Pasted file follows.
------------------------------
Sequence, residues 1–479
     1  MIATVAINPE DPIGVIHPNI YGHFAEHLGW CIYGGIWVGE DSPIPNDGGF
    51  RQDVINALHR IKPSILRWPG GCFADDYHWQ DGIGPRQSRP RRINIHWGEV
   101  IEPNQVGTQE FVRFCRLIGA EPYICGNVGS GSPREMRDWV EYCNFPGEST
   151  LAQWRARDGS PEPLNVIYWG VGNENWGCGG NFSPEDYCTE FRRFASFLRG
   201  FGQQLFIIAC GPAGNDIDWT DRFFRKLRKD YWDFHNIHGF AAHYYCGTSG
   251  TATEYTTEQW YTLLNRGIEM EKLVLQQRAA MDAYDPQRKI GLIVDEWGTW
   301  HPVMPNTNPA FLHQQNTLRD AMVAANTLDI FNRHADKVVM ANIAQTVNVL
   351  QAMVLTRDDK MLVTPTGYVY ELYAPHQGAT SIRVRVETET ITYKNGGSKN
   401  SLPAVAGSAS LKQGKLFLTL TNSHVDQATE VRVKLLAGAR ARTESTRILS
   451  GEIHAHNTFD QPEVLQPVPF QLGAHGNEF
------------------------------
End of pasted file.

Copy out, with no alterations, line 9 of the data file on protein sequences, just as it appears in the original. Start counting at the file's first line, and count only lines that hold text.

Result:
   351  QAMVLTRDDK MLVTPTGYVY ELYAPHQGAT SIRVRVETET ITYKNGGSKN